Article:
It is important to remember that individual anecdotes and testimonials should not be used as the sole basis for making decisions about medical treatments or therapies.
When it comes to alternative therapies like bioresonance, it is essential to rely on evidence-based research and the advice of trained medical professionals. While some people may have positive experiences with bioresonance for their animals, it is important to approach these claims with caution and seek out reliable information from reputable sources.
Ultimately, the decision to pursue bioresonance or any other alternative therapy for your animal should be made in consultation with a veterinarian or animal health professional who can help you weigh the potential benefits and risks.
Pollen – a nuisance for our animal companions too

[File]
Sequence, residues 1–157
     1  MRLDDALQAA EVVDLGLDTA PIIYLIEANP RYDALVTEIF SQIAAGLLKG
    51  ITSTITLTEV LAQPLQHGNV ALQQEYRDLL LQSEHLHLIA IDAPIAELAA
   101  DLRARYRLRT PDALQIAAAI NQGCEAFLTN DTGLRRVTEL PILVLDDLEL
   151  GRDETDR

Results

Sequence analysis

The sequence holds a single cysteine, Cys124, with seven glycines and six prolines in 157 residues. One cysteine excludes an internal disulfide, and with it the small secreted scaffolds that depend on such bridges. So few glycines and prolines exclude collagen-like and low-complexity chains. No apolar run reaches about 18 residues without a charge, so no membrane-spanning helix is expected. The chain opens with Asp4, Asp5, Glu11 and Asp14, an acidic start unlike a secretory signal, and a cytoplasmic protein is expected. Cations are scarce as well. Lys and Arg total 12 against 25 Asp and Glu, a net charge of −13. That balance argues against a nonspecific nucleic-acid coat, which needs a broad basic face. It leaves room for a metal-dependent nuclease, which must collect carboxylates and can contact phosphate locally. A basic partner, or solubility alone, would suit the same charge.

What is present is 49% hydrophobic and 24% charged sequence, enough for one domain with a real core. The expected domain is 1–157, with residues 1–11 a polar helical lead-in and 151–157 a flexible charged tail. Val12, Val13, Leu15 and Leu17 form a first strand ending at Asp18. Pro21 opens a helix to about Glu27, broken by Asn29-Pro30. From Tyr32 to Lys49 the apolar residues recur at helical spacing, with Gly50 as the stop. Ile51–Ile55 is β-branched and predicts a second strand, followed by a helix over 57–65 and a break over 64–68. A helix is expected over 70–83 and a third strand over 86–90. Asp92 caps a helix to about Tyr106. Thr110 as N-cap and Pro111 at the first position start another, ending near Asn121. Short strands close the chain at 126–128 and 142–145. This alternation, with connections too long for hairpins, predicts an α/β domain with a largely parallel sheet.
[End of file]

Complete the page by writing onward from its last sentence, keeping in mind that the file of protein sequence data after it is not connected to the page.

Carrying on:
Hay fever patients are only too familiar with the problem. Year after year the misery begins in the spring with stinging eyes, runny itchy nose and, in severe cases, with a cough and asthma as well. What is perhaps less well known is that our animals too suffer increasingly from this same medical condition.
Just as with humans, the incidence of allergies is also becoming more frequent in animals. Allergic reactions may be provoked by airborne allergens such as pollen, house dust and house dust mites, amongst other factors. Food intolerance is also on the increase, however, and represents a distressing problem for the affected animals.
Now, in spring, as it gets warmer, allergic animals are all suffering as well. With animals it is mainly their skin which itches or else their
noses run more and they occasionally sneeze. Changes in their coats and reddening of the skin are often noticed in the face, feet and ears. These areas often display bloody claw marks and develop into very painful weeping eczema, indicating the severity of the irritation.
This type of problem in animals can be treated with the allergy programs pre-loaded in the Bicom device.
Dr. med. vet. C. May